Tiffany Midge

MidgeGuiding the Stars to Their Campfire, Driving the Salmon to Their Beds (Gazoobi Tales, 2005)

What are some of your favorite chapbooks? How did they influence your writing or your desire to make a chapbook of your own?

Denise Duhamel collaborated on some chaps and I have some of those. I think I have a chap by Nin Andrews, also. Georgia Tiffany published a gorgeous chapbook called Cut from the Score which was so delicate it stays in its plastic container and cost more than any book aside from a textbook I’ve ever purchased. Deborah Miranda was always making her own chaps — gorgeous things she handmade herself. Chaps are wonderful in that they exemplify artistic or literary artifact. They seem to me often times to be these wonderful and portable art installations. And because so often poets make them themselves, or finance them themselves, they are rarities, collector items, and of course limited editions.

What’s the oldest piece in your chapbook? Or can you name one poem that catalyzed or inspired the rest of the chapbook? What do you remember about writing it?

Probably the poem “The Woman Who Married a Bear.” It appeared in Poetry Northwest in 1994. From there I wanted to play with the idea of interspecies congress, which is prevalent in Indigenous origin stories, and serves also as a metaphor for mixed race identity — the idea of hybridity.

What’s your chapbook about? How is it similar to or different from your earlier work?

It’s similar in the sense that it interrogates notions of mixed-blood identity, but differs in that it uses metaphorical devices to explore that terrain. My first book Outlaws, Renegades & Saints: Diary of a Mixed-up Halfbreed was more explicit in its intentions, but with the chapbook (which the bulk of is now in my newest full collection, soon to be published) mines these themes as well as other themes, but it’s more lyrically driven, more language driven and more cognizant of form.

How did you decide on the length, arrangement, and title of your chapbook? What were some of its earlier titles?

The title came not from a poem’s title, but from a couplet at the end of one of the poems. I didn’t have any particular strategies for length or arrangement. In the case of a chapbook, or at least in my case, there’s less pressure in arrangement. It isn’t an 80 page or more book; there’s no need for sections, because chapbooks are less than 30 pages much of the fussing around is eliminated. Also it could be said that a chapbook allows for a single theme to be penetrated, focused upon, told from many different angles without it becoming redundant or tiresome. I’ve read full collections that have a strong, prevailing theme, which are ultimately meditations, and it feels like they run out of gas before even reaching the middle. Kind of like what happens a lot of times with sestinas. Certain things become overstated, or placed on loop. Chapbooks discourage that from happening.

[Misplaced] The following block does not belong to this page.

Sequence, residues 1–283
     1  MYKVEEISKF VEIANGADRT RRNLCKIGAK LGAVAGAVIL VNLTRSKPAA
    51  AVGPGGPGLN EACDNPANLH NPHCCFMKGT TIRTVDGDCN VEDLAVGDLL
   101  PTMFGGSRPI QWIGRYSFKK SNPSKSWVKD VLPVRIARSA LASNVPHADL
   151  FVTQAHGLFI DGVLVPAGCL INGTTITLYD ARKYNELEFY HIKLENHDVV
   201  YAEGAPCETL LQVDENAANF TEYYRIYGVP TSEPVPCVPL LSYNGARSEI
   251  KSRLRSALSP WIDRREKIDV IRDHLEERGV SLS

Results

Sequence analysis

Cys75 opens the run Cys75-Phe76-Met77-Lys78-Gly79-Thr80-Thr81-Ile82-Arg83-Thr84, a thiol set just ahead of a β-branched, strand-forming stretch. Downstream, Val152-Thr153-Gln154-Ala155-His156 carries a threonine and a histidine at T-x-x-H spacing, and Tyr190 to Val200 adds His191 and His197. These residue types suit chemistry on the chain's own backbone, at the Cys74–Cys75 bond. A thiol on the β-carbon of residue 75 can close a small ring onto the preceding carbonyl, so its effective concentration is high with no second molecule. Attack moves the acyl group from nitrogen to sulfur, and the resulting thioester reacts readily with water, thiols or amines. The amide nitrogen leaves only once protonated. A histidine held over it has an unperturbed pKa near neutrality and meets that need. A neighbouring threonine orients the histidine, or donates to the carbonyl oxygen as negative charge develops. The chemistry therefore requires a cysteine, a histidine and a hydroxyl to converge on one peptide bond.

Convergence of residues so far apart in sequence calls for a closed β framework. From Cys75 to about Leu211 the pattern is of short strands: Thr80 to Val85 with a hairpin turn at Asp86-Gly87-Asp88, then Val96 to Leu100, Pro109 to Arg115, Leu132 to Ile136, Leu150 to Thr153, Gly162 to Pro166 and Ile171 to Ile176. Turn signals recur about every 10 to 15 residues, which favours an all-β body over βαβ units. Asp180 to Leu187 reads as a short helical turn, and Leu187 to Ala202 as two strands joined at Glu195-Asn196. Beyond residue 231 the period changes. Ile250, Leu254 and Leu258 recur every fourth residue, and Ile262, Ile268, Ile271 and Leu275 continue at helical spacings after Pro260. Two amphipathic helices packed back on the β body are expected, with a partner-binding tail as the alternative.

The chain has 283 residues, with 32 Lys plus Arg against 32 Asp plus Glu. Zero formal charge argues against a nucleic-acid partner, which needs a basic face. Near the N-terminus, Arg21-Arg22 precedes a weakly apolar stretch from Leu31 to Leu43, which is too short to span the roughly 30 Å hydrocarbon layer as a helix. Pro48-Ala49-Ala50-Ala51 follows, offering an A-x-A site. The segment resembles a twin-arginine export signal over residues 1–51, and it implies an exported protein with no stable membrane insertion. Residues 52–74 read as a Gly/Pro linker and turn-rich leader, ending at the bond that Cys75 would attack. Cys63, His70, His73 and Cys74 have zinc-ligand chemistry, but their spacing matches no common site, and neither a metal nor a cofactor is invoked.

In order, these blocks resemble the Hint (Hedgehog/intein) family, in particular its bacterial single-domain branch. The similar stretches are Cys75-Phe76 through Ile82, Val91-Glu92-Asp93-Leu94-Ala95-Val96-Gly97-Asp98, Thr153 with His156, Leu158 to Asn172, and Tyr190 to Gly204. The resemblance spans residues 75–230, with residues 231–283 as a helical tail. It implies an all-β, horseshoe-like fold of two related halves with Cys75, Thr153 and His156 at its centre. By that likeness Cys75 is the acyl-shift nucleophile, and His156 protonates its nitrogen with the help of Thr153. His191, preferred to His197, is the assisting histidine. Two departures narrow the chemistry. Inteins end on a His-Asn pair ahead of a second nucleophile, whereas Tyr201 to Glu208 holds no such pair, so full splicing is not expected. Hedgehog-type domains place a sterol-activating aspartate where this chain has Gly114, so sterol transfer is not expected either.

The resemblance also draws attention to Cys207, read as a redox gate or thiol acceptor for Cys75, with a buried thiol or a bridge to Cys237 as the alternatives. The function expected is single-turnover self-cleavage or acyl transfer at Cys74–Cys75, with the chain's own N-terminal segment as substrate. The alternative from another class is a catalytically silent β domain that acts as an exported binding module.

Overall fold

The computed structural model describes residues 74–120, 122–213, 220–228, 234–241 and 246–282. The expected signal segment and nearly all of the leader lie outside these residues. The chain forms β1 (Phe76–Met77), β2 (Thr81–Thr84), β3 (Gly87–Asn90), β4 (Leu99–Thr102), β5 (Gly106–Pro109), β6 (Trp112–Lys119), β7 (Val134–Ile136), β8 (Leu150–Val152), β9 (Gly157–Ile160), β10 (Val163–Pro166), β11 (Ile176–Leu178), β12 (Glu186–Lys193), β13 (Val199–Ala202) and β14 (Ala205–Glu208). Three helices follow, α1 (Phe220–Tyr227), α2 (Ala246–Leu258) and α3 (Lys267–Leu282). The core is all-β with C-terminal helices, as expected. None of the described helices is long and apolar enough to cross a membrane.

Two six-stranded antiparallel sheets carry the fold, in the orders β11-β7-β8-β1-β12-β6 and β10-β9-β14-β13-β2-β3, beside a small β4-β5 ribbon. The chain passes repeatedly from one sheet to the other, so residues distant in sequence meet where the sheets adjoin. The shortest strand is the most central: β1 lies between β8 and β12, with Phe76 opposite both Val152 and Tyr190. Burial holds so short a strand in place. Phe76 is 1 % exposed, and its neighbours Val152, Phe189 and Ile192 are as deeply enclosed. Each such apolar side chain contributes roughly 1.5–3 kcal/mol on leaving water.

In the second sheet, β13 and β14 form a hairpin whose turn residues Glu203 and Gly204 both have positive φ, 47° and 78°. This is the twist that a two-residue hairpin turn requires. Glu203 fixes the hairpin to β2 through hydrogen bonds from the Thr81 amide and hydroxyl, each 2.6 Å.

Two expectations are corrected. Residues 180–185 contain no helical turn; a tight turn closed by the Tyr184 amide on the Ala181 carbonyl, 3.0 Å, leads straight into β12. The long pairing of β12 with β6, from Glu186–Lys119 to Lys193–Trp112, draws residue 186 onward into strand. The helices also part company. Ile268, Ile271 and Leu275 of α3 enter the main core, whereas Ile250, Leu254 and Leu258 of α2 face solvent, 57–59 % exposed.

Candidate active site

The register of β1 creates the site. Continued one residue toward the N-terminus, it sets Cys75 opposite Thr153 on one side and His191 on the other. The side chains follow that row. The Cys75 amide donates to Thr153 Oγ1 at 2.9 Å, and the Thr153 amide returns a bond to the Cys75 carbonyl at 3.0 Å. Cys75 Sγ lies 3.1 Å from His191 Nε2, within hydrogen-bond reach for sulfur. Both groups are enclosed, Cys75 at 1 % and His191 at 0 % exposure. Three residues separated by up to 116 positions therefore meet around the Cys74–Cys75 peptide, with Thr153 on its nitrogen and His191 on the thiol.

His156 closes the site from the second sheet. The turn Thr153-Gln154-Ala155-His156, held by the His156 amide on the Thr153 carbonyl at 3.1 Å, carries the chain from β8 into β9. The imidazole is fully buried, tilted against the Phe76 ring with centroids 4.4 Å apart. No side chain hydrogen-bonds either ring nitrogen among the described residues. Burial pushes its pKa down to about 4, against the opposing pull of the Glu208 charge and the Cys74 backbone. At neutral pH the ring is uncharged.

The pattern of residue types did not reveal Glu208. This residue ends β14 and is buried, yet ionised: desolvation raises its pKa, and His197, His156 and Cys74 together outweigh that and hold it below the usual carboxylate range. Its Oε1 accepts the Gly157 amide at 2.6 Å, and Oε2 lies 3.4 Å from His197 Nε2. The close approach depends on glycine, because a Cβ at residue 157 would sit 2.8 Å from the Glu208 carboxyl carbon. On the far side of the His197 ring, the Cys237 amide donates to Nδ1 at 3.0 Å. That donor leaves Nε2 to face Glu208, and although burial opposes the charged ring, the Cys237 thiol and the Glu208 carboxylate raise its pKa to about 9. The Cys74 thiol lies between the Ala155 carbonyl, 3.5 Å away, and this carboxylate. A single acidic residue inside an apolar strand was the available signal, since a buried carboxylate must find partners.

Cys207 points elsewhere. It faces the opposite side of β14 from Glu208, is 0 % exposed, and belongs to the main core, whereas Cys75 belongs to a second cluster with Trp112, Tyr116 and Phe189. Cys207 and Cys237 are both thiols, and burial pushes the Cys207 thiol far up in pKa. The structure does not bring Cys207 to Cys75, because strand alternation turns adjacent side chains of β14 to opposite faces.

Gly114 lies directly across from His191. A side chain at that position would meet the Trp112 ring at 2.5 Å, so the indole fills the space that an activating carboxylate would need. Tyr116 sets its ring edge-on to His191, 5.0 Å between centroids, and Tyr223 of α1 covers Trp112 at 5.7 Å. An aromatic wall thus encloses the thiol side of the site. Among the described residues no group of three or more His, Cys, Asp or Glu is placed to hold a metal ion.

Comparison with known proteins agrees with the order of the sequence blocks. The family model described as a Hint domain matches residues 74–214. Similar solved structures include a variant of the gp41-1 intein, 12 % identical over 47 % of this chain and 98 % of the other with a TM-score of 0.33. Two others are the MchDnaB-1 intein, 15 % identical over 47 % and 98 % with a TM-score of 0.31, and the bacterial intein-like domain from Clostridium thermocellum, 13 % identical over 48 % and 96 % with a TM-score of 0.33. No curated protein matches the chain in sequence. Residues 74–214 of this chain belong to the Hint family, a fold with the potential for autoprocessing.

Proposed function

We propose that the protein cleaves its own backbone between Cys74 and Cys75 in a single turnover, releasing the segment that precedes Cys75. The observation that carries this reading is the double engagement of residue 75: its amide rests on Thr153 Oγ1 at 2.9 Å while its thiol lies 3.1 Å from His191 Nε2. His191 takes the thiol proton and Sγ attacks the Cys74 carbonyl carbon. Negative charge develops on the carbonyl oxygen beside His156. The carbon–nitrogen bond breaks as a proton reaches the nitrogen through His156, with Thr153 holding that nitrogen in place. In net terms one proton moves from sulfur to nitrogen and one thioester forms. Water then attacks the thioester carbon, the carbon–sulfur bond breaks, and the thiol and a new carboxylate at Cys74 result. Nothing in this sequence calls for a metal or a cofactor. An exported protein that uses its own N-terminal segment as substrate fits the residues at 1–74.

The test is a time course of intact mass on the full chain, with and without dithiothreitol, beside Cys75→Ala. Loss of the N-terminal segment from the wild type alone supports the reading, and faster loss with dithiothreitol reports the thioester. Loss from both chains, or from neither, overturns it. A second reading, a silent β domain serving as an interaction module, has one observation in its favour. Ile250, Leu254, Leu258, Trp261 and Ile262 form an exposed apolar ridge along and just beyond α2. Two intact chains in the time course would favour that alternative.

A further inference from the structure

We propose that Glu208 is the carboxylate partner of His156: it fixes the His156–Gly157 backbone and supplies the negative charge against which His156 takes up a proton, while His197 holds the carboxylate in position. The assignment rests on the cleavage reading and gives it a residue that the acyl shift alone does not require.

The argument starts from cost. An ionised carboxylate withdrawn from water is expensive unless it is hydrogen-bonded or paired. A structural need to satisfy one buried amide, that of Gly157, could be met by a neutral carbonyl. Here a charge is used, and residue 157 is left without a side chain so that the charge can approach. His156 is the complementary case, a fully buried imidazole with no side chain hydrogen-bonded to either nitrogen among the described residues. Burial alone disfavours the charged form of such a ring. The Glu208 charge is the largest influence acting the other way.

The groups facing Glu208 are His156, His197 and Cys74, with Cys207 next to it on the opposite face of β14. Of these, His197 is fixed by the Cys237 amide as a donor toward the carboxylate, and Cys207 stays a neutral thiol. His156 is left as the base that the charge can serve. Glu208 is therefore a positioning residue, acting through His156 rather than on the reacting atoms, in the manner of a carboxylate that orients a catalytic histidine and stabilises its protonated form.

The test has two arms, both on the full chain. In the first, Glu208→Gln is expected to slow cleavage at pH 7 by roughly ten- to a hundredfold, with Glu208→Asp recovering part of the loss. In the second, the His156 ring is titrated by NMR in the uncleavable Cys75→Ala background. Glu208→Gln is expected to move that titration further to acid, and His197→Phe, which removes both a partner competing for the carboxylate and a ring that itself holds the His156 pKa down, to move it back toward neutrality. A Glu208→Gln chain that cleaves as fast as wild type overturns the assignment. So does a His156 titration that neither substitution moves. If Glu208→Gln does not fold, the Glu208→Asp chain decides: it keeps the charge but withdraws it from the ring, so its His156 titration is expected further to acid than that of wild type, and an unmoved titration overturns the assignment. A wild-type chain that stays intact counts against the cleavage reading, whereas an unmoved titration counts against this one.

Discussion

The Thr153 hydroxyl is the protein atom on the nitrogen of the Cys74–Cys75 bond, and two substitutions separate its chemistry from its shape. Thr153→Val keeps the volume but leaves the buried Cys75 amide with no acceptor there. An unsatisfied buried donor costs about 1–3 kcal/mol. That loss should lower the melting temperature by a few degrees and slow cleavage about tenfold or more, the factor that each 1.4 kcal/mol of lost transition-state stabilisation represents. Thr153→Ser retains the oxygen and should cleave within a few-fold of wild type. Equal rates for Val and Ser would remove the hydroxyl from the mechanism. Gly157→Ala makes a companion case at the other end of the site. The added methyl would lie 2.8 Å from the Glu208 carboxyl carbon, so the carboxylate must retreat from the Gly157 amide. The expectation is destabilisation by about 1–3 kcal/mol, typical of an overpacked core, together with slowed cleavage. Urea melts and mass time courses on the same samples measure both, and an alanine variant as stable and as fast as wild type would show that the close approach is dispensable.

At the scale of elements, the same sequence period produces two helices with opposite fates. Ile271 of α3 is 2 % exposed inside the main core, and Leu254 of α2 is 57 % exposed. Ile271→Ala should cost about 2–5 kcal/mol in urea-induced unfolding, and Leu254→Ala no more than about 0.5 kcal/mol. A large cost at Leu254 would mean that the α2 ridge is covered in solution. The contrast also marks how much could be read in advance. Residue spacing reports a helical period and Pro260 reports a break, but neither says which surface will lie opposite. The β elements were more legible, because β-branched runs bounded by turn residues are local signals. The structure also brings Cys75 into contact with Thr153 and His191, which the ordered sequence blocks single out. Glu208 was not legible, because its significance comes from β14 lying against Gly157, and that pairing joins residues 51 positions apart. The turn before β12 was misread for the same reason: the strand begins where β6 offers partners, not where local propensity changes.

To what degree did you collaborate on the cover image and design of your chapbook?

I selected the cover art from a cache of drawings and sketches by a wonderful artist, Laura Corsiglia, and the publisher, Thomas Hubbard, designed the rest.

What have you done to promote and publicize your chapbook?

I created flyers, it’s showcased on the website for Hubbard’s press Gazoobi Tales, I toured some for it, was invited to present at universities and such, there were some reviews or mentions in different lit journals.

What are you working on now?

Many of the poems from the chapbook were included in the full collection The Woman Who Married a Bear, which won the Kenyon Review Earthworks Indigenous Poetry Prize last year, but has not yet secured a publisher. I’m still shopping it around. I’m working on a memoir right now. There are a couple of other fiction manuscripts sitting around, and another poetry manuscript I’d like to polish and shape also.

What is your writing practice or process?

I’m a great procrastinator. And I’m easily distracted. So my writing time isn’t as regimented as it could be. But when I make myself, I’ll put down between 1K (minimum) and 3K (good day) words a day, and on the other writing days, I’ll revise. Poetry is another animal. I think I am working on poems all the time. And I’m always reading stuff, and talking about ideas.

What advice would you offer to an aspiring chapbook author?

Pay attention to the unusual and arcane; pay attention to subject matter that enthralls, fascinates, incenses, or perplexes you and research everything; mine for words, language.

Do you have a favorite prompt or revision technique? What is it?

My current prompts have to do with theatrical productions, so I’m exploring a lot of themes from those and applying them to my personal life experiences. In revising my poetry manuscript, The Woman Who Married a Bear, I shifted a lot of things around; for instance I changed many of the poems from first person to second or third person speakers, which expanded the energy and breadth of some of the poems, I think. I also revisit tenses a lot in poems — shuffle present tense to past tense and visa versa.

Have you written any other chapbooks?

Yes. But I’ve not printed/published them except as individual poems.

What question would you like to ask the next chapbook author featured at Speaking of Marvels?

How do you feel about long poems versus shorter poems? Could a chapbook be a good medium for a long poem?


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